Eugene Delacroix

Ferdinand Victor Eugene Delacroix (April 26, 1798 - August 13, 1863) was an important painter from the French romantic period.

Delacroix was born at Saint-Maurice-en-Chalencon, Ardeche, in the Rhone-Alpes Region of France. There is reason to believe that his father, Charles Delacroix, was infertile at the time of Eugene's conception and that his real father was Talleyrand, who was a friend of the family, and whom the adult Eugene resembled in appearance and character. He was trained by Pierre-Narcisse Guerin in the neoclassical style of Jacques-Louis David, but was strongly influenced by the more colorful and rich style of the Flemish painter Peter Paul Rubens (1577-1640) and fellow French artist Théodore Géricault (1791-1824) whose works marked an introduction to romanticism in art.

Chios and Missolonghi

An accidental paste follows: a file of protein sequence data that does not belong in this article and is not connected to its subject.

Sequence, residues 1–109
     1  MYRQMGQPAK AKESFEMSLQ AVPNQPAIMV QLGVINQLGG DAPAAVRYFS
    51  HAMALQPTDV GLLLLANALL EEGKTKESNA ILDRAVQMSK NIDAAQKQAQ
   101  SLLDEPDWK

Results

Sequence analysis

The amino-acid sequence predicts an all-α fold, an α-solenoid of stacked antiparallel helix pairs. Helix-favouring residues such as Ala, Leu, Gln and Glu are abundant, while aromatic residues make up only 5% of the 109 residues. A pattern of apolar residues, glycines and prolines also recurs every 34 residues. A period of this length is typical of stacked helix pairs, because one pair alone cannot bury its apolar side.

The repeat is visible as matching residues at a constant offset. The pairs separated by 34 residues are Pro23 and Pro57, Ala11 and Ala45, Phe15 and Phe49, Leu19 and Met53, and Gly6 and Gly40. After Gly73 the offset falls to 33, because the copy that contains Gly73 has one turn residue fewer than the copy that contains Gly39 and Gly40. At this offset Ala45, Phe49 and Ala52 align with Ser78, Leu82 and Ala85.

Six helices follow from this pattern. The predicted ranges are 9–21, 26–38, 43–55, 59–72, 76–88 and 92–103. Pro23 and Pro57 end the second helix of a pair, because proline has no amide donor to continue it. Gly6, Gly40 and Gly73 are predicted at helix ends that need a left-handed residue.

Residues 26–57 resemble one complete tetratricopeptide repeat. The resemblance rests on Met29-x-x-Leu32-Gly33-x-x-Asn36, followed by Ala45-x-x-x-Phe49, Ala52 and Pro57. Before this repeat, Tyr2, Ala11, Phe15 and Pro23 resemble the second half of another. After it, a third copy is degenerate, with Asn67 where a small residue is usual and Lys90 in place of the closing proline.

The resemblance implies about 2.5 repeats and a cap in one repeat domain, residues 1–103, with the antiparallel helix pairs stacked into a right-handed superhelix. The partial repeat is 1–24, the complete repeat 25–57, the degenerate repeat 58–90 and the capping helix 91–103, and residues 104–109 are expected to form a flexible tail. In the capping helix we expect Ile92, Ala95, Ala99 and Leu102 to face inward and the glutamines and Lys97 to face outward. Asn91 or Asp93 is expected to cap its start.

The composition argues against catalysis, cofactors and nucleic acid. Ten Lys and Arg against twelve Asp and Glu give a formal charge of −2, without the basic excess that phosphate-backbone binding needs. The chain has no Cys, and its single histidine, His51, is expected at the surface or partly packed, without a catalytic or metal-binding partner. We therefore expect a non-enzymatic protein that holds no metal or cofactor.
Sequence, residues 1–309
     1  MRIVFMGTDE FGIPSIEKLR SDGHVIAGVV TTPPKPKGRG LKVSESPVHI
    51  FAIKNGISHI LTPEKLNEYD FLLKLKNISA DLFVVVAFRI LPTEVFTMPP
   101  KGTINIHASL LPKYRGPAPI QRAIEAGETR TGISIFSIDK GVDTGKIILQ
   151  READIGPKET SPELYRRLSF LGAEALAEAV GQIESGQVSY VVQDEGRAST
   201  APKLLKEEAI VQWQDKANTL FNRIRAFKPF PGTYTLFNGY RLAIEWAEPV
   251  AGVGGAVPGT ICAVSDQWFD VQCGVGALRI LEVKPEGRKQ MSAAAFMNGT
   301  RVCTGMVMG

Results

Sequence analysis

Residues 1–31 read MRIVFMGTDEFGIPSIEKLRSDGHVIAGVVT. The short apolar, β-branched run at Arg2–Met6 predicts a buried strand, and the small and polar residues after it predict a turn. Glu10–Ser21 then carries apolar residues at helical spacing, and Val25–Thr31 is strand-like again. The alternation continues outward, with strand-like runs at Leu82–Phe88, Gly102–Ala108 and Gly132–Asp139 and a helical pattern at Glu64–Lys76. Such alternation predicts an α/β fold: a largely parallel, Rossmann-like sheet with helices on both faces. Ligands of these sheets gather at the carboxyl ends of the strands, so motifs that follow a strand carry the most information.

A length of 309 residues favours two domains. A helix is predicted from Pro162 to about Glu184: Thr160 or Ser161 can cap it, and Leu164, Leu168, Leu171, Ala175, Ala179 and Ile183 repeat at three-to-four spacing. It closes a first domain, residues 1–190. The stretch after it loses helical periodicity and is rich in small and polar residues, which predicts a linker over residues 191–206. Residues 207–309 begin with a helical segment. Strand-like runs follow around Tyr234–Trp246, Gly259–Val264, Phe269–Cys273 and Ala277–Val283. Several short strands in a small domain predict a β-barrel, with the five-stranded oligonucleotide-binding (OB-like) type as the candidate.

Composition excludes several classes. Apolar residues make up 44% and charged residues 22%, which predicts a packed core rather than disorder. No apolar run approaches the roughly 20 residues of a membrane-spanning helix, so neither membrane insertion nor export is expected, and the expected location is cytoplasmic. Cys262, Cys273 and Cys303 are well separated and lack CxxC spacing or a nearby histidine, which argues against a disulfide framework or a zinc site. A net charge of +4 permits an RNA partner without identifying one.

Massacre at ChiosDelacroix did several paintings in support of the Greek War of Independence against the Turks. His painting of the Massacre at Chios (also called Massacre at Scio), showed poor, sick Greek civilians about to be massacred by the Turks. He was painting a contemporary event, for a political purpose, to encourage people to support the Greeks in their war of independence against the Turks. This painting was a popular subject at the time for the French people, and by painting this picture, which was bought by the French government, Delacroix became increasingly well-liked. He was seen as a great painter in the new Romantic style. The painting also shows a view of the suffering of people which was very new in art. There was no glorious event taking place, no picture of swordsmen raising their swords in valour as in David's Oath of the Horatii. This was a picture where Delacroix painted the suffering of the people of the Greek island as the focus for the picture itself, which was relatively new in art. It made many critics unhappy that suffering was seen as a fit subject for an artwork.